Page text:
|On Friday, lane closures on Main Street, above, and River Street in Hackensack were only a foreshadowing of what is to come this Monday, when State Street south of Central Avenue will be closed for a week to replace the bumpy railroad crossing.|
By VICTOR E. SASSON
When a ShopRite supermarket ad wrapped around The Record's front page piques reader interest more than so-called news stories, we're really in deep doo-doo.
Editor Martin Gottlieb keeps hitting us over the head with baseball, sensational local or international news, and an endless series of columns on Governor Christie's pathetic showing in the race for the GOP presidential nod (A-1).
I got a kick out of a Christie quote in an A-1 Charles Stile column that sounds exactly like the ones he's been writing for a year or more:
"I've always said bet on the people who have been tested. When the lights get really bright, let's see who shines."
It won't be Christie, because the bright lights have been shining on his dismal performance in New Jersey since he took office in early 2010, and all residents can see is the dull reflection from a huge GOP turd.
The Record's witless Road Warrior columnist focuses on a problem that takes far fewer lives than the greater menace of elderly drivers who mistake the gas pedal for the brake pedal (L-1).
The solution to forgetting to push the stop-start button and turning off you're engine is 1) buy an all-electric car, 2) move to a house with a detached garage or 3) buy one of the many vehicles with a traditional ignition.
In Local today, more Englewood school news appears on L-3, but there is no education story from Hackensack, the biggest district in Bergen County.
Another story on L-3, about Holocaust survivor Marthe Cohen, is far more compelling than anything on Page 1 today.
A story on local family owned companies is welcome, but the editors of Business continue to ignore downtown merchants (B-1).
Could spilled takeout soup really be the biggest problem Elisa Ung has encountered in eight years of reviewing restaurants and writing about delis and other food shops (BL-1)?
On the Opinion front, readers get another news-in-review column from burned-out Mike Kelly (O-1).
This one refers to Pope Francis' appearance in Santiago, Cuba, nearly a month ago -- in a column that is of absolutely no interest to anyone who isn't Catholic.
Jill Schensul has been The Record's travel editor for more than a decade, so how believable is it that she traveled all day and found herself without a hotel reservation two hours before midnight (T-1)?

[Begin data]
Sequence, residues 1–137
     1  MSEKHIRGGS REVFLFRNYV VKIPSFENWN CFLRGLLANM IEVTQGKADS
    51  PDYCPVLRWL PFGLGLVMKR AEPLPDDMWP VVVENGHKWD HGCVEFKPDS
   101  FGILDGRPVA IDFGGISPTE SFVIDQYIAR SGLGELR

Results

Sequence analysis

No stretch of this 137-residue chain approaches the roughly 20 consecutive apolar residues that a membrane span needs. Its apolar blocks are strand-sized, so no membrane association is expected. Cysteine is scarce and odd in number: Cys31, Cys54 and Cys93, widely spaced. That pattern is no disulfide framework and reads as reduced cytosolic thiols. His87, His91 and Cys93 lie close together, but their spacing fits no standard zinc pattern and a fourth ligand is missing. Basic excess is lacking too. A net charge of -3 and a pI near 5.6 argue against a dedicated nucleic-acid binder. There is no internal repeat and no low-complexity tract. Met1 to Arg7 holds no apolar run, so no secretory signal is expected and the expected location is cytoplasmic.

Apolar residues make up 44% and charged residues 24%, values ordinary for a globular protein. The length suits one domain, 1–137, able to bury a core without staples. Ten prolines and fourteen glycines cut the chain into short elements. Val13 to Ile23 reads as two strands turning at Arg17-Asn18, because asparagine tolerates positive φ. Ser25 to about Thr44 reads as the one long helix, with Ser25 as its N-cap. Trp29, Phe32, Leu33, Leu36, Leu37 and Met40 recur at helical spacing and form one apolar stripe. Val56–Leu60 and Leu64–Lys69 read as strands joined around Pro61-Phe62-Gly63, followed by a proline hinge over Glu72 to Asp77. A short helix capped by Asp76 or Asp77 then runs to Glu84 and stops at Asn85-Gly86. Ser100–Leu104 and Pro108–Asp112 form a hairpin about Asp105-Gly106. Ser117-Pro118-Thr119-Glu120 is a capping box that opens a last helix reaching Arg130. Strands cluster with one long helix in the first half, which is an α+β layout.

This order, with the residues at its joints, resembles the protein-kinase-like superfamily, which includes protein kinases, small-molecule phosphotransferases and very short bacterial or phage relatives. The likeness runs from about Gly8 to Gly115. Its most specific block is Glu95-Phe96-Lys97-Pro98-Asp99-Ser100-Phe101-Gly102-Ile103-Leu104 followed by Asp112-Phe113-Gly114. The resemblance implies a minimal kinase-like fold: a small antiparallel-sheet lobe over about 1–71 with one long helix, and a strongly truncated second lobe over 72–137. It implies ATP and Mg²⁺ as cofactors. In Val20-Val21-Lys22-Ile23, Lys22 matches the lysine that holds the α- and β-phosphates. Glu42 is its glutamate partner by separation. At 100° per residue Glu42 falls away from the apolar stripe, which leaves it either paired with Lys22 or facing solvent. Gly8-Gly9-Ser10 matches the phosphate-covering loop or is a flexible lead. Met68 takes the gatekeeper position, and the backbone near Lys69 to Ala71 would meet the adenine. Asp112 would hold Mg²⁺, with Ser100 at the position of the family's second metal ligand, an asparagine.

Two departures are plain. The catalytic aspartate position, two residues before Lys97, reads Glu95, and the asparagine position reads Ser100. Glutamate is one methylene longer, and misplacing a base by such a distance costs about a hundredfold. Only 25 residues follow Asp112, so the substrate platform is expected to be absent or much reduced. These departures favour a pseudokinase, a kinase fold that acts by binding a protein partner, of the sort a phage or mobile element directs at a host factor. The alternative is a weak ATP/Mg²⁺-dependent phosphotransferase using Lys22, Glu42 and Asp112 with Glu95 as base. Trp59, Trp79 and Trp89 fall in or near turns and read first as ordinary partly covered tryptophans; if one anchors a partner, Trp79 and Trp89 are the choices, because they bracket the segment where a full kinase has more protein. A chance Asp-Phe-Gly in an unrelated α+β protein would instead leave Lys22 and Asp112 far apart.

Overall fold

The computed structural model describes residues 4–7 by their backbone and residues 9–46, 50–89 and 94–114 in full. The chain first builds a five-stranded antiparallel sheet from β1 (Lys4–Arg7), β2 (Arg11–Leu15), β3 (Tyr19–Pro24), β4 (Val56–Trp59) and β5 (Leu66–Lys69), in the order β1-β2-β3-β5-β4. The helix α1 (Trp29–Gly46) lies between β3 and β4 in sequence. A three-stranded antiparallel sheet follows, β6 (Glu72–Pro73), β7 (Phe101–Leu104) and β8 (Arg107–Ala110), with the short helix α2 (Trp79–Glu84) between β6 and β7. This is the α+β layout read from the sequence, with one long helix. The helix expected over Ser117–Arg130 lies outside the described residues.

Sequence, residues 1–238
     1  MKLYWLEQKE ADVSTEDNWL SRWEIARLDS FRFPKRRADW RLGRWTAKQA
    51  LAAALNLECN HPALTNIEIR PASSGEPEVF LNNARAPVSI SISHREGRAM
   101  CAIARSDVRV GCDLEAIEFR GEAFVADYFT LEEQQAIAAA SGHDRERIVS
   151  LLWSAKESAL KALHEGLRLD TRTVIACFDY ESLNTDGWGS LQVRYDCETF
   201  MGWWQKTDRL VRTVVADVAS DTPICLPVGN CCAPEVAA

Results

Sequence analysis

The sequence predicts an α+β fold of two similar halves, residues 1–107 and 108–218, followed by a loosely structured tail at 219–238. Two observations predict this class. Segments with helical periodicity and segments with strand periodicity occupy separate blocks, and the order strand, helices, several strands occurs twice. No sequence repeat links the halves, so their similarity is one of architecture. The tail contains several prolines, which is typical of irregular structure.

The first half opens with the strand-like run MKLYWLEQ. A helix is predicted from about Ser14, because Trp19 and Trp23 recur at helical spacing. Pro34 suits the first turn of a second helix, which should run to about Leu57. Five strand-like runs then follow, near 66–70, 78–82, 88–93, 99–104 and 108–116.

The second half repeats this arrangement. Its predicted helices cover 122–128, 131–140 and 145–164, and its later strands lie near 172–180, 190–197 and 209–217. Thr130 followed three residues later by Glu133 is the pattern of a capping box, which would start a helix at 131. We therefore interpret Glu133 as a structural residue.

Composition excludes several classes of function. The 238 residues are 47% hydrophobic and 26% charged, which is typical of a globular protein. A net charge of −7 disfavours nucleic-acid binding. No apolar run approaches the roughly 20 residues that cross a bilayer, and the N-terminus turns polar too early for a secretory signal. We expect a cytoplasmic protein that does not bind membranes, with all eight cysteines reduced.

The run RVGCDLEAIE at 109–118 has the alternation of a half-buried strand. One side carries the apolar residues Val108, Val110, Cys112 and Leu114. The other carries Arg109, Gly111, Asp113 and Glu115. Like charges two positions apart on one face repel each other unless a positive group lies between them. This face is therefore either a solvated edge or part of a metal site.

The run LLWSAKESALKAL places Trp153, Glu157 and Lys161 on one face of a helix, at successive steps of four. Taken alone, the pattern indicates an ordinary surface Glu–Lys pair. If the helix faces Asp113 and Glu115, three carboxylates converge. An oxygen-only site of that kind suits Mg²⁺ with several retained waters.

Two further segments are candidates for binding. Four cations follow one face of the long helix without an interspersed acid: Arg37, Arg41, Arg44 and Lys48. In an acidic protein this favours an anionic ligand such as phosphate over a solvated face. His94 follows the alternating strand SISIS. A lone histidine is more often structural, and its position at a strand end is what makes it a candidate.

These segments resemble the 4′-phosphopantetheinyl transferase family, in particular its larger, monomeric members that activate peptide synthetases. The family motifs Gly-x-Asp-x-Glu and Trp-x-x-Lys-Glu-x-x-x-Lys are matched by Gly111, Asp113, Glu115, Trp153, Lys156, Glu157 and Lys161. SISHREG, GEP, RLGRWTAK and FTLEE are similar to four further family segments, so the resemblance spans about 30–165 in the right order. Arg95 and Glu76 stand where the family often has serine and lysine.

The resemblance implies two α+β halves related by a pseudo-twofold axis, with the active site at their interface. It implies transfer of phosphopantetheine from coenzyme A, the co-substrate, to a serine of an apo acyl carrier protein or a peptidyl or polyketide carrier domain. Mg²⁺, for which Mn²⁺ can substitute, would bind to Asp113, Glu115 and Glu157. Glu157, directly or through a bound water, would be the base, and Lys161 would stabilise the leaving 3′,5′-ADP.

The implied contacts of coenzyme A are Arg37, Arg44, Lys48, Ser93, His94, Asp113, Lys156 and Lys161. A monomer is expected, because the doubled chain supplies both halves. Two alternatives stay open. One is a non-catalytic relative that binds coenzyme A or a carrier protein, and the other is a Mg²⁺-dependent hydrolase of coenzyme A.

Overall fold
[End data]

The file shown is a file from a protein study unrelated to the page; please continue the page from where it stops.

Instead of cutting the confusion over "proliferating" hotel brands, she simply adds to it in this overlong complaint that fills nearly two pages of the thin, 4-page Travel section.
And there is hardly a word about hotel loyalty programs that many travelers belong to, such as the rewards of the Hyatt Hotels credit card with a $75 annual fee.
This year, my payoff was two free nights in a $700-a-night perch at the luxurious Park Hyatt on 57th Street in Manhattan, near Carnegie Hall and the Time Warner Center on Columbus Circle.
Baseball led Saturday's front page, too.
And there was yet another so-called Election 2016 story about Christie's fundraising on A-1, even though the election is more than a year away and there seems little chance the worst governor in state history will be the GOP nominee.
Saturday's Local section was dominated by crime news (L-1, L-2, L-3 and L-6).
Only three of the four candidates for an open Hackensack City Council seat took part in a debate at Temple Beth El (Saturday's L-3).
The fourth candidate, Deborah Keeling-Geddis, declined to participate, noting moderator Larry Eisen is a council-appointed zoning board member.
The debate took place Thursday night among Richard L. Cerbo, son of a former mayor; school board President Jason Nunnermacker, and Jason Some, who was appointed in April to fill the council seat left vacant when Rose Greenman resigned and filed a discrimination suit.
I don't recall seeing a debate announcement in The Record or any effort by Temple Beth El to get the word out that it was taking place.
Cerbo was quoted about a "heavier tax burden on homeowners," but not on his complaint about Hackensack University Medical Center and other non-profits that pay no taxes on hundreds of millions of dollars in property.
Nunnermacker, an attorney who ran unsuccessfully for council in 2013 as an ally of the Zisa family, is being backed by the city's Democratic Party machine in a desperate bid to claw its way back into power.
The board president said he feared "downtown redevelopment" could bring "as many as 500 new students in the next few years to an already overburdened school system," and put the cost of educating each one at $18,000 a year.
But no one asked how he could possibly know how many new students will be moving into the city.
And Nunnermacker also wasn't asked to explain high administrative salaries, such as the $172,000-plus being paid to the principal of Hackensack High School, just a few thousand less than Christie is being paid.
At two Hackensack elementary schools, lunch aides are being paid $22 an hour.
And this year, fewer than 1,000 of the city's 20,000 registered voters approved a $100 million dollar-plus school budget, which exceeded the city's own.